A Quick Introduction To The PCOS Diet
Diet plays a critical role in all health conditions. However, we are going to focus on Polycystic Ovary Syndrome (PCOS) to determine which diet plan is the best for combatting the condition.
So, let's begin.
Women who are affected by Polycystic Ovary Syndrome experience vicious cycles of hormone imbalances occurring inside of their systems. Hormone levels of Luteinising hormone, Insulin, androgens, etc, rage inside women who have PCOS.
It is essential for your lifestyle to be modified and to make healthy changes to your diet to restore good health and minimize hormonal imbalances.
Some of the most common problems that are linked with PCOS include irregular menstrual periods, hyperinsulinemia, insulin resistance, and obesity. A healthy PCOS diet and the right supplementation such as inositol can significantly help to prove health conditions and get your health back onto the right track. Like most supplements, make sure to consult your health professional and learn about the types of inositol (Myo inositol and D chiro).
Just like Polycystic Ovary Syndrome does not have specific symptoms, there is also not one specific diet that should be followed. However, there are some important aspects to a diet to help with this condition.
The Important of Diet in Women With PCOS
Since most women who have PCOS also suffer from insulin resistance or hyperinsulinemia, they have a high risk of getting Type 2 diabetes. Therefore, it is critical to consume a low sugar, balanced diet to help to lower or maintain blood sugar levels.
Another condition closely associated with PCOS is obesity. Many women who have PCOS are told they should lose weight to reduce their potential risk of developing cardiovascular disease and fight hormonal imbalances. A healthy diet, in addition to exercise, can play a critical role in helping to lose those excess pounds.
It has been shown in studies that losing as little as 5% of weight can help o lower androgen levels or regulate menstruation. Even with slim women who have PCOS, following a diet focused on weight management can significantly reduce the risk of getting heart disease.
Women who have PCOS should develop a diet that is healthy but also satisfying and interesting. A PCOS diet needs to be followed for life. Therefore, it needs to be planned very carefully and needs to contain plenty of variety. A diet does not mean starvation and for women who suffer from this condition, this is even more important.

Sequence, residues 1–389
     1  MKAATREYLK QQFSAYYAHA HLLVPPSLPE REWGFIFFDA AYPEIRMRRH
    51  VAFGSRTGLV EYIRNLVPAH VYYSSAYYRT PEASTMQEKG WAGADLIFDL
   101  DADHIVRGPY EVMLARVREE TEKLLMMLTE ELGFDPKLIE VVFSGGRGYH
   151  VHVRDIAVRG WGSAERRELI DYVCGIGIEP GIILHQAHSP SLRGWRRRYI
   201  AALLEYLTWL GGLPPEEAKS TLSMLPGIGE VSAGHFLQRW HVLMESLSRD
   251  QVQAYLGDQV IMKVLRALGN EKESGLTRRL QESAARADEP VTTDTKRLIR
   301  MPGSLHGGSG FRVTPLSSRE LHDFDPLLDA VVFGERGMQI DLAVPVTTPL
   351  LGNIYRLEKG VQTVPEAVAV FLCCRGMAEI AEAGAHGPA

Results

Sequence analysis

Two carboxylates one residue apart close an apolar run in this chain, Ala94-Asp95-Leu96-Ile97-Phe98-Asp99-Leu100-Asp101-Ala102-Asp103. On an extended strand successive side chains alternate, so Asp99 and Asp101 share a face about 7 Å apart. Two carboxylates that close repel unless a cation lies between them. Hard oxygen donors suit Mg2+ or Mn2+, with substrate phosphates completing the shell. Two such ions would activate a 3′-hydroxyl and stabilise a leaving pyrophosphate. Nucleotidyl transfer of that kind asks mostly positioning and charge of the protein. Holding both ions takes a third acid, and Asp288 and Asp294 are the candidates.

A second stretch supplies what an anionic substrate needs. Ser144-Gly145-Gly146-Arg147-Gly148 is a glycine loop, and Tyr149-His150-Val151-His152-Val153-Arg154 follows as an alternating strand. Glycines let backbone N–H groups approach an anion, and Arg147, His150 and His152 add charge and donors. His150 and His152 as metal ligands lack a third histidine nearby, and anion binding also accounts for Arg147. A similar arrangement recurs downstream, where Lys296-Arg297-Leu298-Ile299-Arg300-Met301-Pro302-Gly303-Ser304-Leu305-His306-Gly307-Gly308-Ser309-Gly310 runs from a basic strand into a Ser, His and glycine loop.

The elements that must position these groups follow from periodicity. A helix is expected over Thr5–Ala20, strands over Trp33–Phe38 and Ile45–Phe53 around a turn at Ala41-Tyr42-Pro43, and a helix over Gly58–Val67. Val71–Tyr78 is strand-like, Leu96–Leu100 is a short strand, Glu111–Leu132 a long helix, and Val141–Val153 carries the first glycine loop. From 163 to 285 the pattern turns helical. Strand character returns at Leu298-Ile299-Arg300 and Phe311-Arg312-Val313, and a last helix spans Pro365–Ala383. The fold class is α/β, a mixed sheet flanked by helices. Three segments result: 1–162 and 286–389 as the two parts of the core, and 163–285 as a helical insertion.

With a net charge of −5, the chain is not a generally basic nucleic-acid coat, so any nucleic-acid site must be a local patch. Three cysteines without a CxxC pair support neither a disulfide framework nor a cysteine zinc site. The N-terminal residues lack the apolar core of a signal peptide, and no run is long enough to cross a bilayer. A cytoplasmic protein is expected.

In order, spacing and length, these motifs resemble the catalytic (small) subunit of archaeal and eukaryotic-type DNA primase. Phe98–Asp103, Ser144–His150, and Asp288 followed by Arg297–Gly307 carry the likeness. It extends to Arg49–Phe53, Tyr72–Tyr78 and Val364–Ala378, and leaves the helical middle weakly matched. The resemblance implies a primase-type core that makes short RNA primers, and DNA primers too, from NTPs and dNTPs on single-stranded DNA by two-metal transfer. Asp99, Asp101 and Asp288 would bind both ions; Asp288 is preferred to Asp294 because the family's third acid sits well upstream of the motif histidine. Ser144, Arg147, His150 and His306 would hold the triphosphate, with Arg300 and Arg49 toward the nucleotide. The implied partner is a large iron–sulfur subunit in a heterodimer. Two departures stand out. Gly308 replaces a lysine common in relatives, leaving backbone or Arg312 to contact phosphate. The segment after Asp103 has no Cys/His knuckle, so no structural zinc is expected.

What it does mean is to eat in a smart way, including consuming foods that heal and nourish the body, and avoid fillers that are just loaded with calories. Certain foods should be avoided to fight against obesity and excessive amounts of insulin within the body.
Following a good PCOS diet can reduce the consumption of sugary carbs as well as foods such as unhealthy snacks (like fatty or fried snacks with butter, cheese, etc.), potatoes, cereals, and white bread, and include healthy options such as fish, nuts, lean meats, low fat, fibrous fruits, legumes, and whole grains.
Here are some healthy food options to try:
Green leafy vegetables - These are really low in calories and are loaded with nutrients. They are full of minerals and vitamins, including C, K, B, and A. Adding green sales to your diet can be a great way to consume green leafy vegetables.
Legumes and whole grains - These foods are high in protein and fiber. A diet that is rich in fiber digests slowly and therefore blood sugar levels increase slowly as well, which controls the increase in levels of insulin.
Fruits - Incorporate fruits like apples, oranges, cherries, etc. that are fairly low in sugar and high in fiber.
When nuts are added with fruits it can cut sugar levels that can be high when consuming fruit.
Meat - Incorporate fish and lean meats in a PCOS diet instead of red meats that aggravate insulin levels and weight gain and are high in calories.
Studies have shown that consuming smaller meals (5-7 per day) at regular intervals helps to manage general health and weight. Consuming a healthy breakfast as your largest meal for the day and then eating lighter and smaller lunches and dinners also helps digest and manage androgen and insulin levels.
If PCOS is allowed to flourish without any intervention it can turn into a serious affliction. However, if you follow a few basic dietary guidelines and lead an active life and exercise 3 to 5 times per week at least, it can go a long way towards helping women manage PCOS.